Goodenough Books in Livermore, Calif., about 40 miles east of San Francisco, has been put up for sale by owner Susan Mayall. The 4,300-square-foot store opened in 1980 and serves the small community of scientists from Lawrence Livermore National Laboratory and the surrounding wine region.

"It's a nice bookstore, and we have what you would find in any good independent bookstore," said Mayall. "We're in a downtown area without a lot of foot traffic, so we're definitely a destination store. The town is where the H-bomb was created, and it's a combination cattle and science town in a area that produces excellent wine." Mayall said the store is especially well known for literary luncheons held at wineries.

Goodenough has three full-time staff members, including a floor manager and a buyer. Annual revenue hovers around the $900,000 mark, and the asking price is $350,000.

Mayall is leaving the book business to write and spend time with her nine grandchildren. She said that while the sour economy has contributed to her decision, it was not the major factor. "I'm about to be 70. I've been at this for 23 years, and it's time for a change really," she said. "If it had really been like it was seven or 10 years ago, I might have been less anxious. I still think there's a future for independent booksellers, though it does get harder all the time."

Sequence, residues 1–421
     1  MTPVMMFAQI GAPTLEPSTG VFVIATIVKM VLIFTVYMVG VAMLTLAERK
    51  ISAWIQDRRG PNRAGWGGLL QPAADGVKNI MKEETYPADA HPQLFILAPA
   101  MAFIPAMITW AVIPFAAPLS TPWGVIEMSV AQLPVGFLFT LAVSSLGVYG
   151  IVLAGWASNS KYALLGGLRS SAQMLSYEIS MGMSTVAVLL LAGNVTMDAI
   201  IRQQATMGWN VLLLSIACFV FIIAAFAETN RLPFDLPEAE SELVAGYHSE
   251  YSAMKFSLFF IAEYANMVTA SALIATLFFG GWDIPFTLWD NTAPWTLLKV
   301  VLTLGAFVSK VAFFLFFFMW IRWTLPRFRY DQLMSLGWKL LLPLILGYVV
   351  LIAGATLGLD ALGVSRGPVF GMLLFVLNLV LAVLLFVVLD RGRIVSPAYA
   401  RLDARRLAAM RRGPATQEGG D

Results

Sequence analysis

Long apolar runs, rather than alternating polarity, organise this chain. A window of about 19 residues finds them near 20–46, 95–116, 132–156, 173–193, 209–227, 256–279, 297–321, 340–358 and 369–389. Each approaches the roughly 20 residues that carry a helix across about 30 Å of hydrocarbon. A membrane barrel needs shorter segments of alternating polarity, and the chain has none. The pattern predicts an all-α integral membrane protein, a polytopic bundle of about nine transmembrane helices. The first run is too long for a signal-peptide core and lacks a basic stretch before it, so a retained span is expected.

Her advice is to "go smaller rather than larger: go cozy, friendly and specialized according to what you see as [customers'] tastes." '

Potential buyers who might be concerned about the proximity of the nuclear laboratory need not worry, Mayall told PW. "This was founded by Edward Teller to form a counterbalance to Los Alamos. While many people liberal on domestic affairs can be rather conservative on international affairs, that is changing." Accordingly, the store sells numerous science books, with Richard Rhodes's Dark Sun and The Making of the Atomic Bomb (both Touchstone) particularly popular.

It should also come as no surprise that one of the store's all-time bestsellers is Hugh Gusterson's nuclear anthropological study of the Livermore lab: Nuclear Rites: A Weapons Laboratory at the End of the Cold War (Univ. of California). "We've sold hundreds of that one," said Mayall.

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